I wondered how I choose the optimal action based on the currently learned weights of the network
You have three basic choices:
Run the network multiple times, once for each possible value of A' to go with the S' value that you are considering. Take the maximum value as the predicted optimum action (with probability of 1-ε, otherwise choose randomly for ε-greedy policy typically used in SARSA)
Design the network to estimate all action values at once - i.e. to have |A(s)| outputs (perhaps padded to cover "impossible" actions that you need to filter out). This will alter the gradient calculations slightly, there should be zero gradient applied to last layer inactive outputs (i.e. anything not matching the A of (S,A)). Again, just take the maximum valid output as the estimated optimum action. This can be more efficient than running the network multiple times. This is also the approach used by the recent DQN Atari games playing bot, and AlphaGo's policy networks.
Use a policy-gradient method, which works by using samples to estimate gradient that would improve a policy estimator. You can see chapter 15 of Sutton and Barto's current draft of Reinforcement Learning: An Introduction for more details. Policy-gradient methods become attractive for when there are large numbers of possible actions and can cope with continuous action spaces (by making estimates of the distribution function for optimal policy - e.g. choosing mean and standard deviation of a normal distribution, which you can sample from to take your action). You can also combine policy-gradient with a state-value approach in actor-critic methods, which can be more efficient learners than pure policy-gradient approaches.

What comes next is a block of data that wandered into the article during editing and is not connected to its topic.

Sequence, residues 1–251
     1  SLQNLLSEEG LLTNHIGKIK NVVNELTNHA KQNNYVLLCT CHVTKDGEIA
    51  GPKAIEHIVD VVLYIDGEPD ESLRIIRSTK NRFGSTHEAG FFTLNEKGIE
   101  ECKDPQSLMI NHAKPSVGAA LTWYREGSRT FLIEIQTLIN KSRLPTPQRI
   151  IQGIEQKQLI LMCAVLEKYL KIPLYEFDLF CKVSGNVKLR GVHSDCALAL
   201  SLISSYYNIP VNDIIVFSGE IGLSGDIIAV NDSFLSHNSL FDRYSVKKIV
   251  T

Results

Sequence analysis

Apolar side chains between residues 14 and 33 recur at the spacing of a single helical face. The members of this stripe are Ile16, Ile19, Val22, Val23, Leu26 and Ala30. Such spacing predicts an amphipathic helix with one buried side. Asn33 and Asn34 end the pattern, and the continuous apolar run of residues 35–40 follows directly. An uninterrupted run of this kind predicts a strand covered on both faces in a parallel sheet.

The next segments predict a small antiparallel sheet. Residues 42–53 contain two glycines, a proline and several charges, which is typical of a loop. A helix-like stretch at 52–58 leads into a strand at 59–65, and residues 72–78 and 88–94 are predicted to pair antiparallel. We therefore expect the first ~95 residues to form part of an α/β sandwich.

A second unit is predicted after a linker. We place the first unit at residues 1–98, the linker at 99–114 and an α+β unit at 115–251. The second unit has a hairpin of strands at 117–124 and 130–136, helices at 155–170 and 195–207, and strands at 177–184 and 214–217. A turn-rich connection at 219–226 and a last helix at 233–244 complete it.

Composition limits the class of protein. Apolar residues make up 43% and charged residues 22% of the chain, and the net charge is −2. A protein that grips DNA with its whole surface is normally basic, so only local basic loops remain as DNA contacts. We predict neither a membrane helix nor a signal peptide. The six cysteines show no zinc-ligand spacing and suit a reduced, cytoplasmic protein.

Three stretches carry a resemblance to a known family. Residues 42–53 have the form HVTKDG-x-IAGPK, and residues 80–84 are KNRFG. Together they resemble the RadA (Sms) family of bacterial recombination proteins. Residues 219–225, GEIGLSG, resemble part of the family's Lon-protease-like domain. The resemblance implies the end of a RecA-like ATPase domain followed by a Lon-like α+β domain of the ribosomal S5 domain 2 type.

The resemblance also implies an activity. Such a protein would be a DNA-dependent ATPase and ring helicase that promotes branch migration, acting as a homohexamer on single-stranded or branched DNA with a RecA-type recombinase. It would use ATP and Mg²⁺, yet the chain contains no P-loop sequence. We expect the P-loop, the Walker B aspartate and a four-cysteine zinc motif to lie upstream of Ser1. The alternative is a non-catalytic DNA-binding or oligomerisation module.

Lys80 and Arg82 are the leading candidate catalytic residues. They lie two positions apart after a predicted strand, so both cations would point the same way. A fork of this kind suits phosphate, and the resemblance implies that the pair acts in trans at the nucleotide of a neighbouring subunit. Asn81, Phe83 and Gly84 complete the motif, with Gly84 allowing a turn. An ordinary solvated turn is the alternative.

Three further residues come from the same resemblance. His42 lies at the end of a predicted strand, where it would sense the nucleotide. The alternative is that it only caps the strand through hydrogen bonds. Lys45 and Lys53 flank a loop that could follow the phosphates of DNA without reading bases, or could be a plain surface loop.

Note that if your action space is continuous, you don't have to use a policy-gradient method, you could just quantise the action. Also, in some cases, even when actions are in theory continuous, you may find the optimal policy involves only using extreme values (the classic mountain car example falls into this category, the only useful actions are maximum acceleration and maximum backwards acceleration)
Do I need to modify the pseudo-code when using a network as the approximator? So, that I simply minimize the MSE of the prediction of the network and the reward
R for example?
No. There is no separate loss function in the pseudocode, such as the MSE you would see used in supervised learning. The error term (often called the TD error) is given by the part in square brackets, and achieves a similar effect. Literally the term ∇q(S,A,w) (sorry for missing hat, no LaTex on SO) means the gradient of the estimator itself - not the gradient of any loss function.